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Homestead Layout Plans on 1 Acre or Less

Last Updated: July 9, 2020

You want to start homesteading but don’t have a lot of land?  Lack of land is one of the biggest excuses that I hear from people who’d like to become more self-sufficient but just don’t get started.

I hear you, because I also used to believe that homesteading required tons of land!  That’s why I want to share these tiny homestead layouts with you.  The homestead layout plans are 1 acre or under and help their owners achieve a huge degree of self-sufficiency and even some income!

1/3 Acre Homestead Layout

1/3 acre homestead design

This homestead layout plan is from Lindsey at Chickadeehomestead.com.  Yes, it is really only 1/3 of an acre – but that is enough for the family to raise and grow 80% of their own food as well as most of their personal care items!

How have they done it? By focusing on food sources which don’t take up a lot of space.  For example, raising chickens and rabbits instead of cattle and sheep.

1/8 Acre Urban Homestead Layout

1/8 acre urban homestead plan

Melissa over at Evergrowingfarm.com has a truly impressive homestead layout – particularly because it is an urban farm.

What started out as a “postage stamp of dead earth” amongst busy streets soon became an oasis.  There are:

  • 165 sq. feet raised bed garden
  • 260 sq. feet ground-level growing space
  • Straw bale compost pile
  • A dog run
  • Chicken coop and two brooders
  • Rainwater barrels that can hold 175 gallons
  • 5 chickens (which later grew to 20 chickens)

How did they do it? It was all about smart practices like crop rotation and utilizing the space smartly.  You can learn more about the urban homestead here.

½ Acre Homestead Layout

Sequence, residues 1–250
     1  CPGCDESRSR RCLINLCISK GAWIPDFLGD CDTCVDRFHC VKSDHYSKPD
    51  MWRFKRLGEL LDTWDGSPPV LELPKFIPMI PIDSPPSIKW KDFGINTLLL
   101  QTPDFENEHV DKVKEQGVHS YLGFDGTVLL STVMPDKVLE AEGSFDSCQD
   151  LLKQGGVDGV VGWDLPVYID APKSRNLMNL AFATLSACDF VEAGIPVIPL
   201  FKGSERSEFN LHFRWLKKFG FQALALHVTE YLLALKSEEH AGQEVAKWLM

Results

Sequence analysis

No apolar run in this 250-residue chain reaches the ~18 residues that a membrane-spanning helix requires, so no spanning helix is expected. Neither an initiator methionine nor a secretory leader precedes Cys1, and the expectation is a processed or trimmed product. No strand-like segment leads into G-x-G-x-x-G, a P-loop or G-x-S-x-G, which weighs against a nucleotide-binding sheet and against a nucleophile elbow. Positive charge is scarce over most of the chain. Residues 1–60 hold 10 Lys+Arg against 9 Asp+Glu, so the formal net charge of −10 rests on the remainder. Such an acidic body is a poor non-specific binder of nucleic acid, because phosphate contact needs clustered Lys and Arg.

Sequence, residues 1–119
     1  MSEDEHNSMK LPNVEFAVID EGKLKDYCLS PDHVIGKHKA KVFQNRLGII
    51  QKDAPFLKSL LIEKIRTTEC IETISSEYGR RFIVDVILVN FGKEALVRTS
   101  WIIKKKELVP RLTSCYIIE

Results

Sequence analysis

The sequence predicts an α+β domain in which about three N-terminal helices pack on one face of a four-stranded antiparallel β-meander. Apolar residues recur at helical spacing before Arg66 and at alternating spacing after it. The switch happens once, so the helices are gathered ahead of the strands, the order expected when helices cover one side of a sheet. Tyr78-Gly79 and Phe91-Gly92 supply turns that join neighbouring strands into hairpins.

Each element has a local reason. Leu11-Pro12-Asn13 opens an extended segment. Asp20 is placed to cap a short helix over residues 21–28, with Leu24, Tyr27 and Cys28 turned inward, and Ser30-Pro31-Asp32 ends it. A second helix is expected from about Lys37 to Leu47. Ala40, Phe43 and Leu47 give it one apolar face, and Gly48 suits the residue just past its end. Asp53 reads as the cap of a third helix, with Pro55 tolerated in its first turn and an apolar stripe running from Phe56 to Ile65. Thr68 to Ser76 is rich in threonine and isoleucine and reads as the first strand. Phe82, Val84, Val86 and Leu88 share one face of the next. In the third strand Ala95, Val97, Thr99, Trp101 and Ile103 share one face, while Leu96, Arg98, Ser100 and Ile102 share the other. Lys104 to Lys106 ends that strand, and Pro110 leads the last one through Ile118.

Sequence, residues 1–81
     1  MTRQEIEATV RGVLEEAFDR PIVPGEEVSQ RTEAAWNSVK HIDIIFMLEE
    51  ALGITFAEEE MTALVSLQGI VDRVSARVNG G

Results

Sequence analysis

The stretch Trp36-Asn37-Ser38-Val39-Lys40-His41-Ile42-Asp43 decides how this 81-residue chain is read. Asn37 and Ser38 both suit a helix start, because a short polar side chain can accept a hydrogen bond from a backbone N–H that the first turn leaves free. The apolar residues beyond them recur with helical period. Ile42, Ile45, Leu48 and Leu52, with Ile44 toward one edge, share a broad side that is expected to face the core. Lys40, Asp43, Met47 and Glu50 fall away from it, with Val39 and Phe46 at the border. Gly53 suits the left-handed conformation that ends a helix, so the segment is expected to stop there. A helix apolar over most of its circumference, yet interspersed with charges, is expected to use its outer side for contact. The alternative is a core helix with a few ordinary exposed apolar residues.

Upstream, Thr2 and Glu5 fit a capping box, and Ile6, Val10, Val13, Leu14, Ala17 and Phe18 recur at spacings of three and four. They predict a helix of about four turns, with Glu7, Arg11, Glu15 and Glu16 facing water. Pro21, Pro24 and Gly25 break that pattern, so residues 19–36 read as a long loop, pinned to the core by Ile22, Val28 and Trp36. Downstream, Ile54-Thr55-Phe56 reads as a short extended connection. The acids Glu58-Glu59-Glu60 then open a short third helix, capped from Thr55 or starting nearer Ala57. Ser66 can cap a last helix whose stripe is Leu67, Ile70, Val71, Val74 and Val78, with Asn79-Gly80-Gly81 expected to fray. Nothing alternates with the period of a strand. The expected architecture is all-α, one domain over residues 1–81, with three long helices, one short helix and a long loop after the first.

half acre homestead design

This ½ acre homestead layout comes from a 1950’s brochure made by the California Agricultural Extension Service.

You’ll see that the home and living area haven’t been significantly reduced (you could put more garden space or chickens where those evergreens are!). Yet, there is still a lot of food to be reaped from the orchard and garden.  Like with the first tiny homestead, rabbits and chickens have been chosen for their efficiency.

Other Tiny Homestead Layout Plans

The owners of these websites didn’t get back to me with permission to share their images.  So, you’ll have to click to the website to see the tiny homestead layouts yourself.  It just shows that there are many ways to improve your self-sufficiency through homesteading even in a small space!

The Myth that You Need a Lot of Land to Be Self-Sufficient

Before I started on my own homesteading journey, I thought that I’d need a lot of land to achieve any degree of self-sufficiency. Then I started researching homesteading and visiting homesteads too.  I was amazed at what was being done — even on the rooftops of city homes and tiny backyards.

It is easy to understand why people think you need a lot of space to be self-sufficient.  Our country’s food production is dominated by giant CAFO farms and huge mono-crops.

We are also skewed by history.   In 1800s, the minimum homestead parcel which was given out by the government was 320 acres. (Source)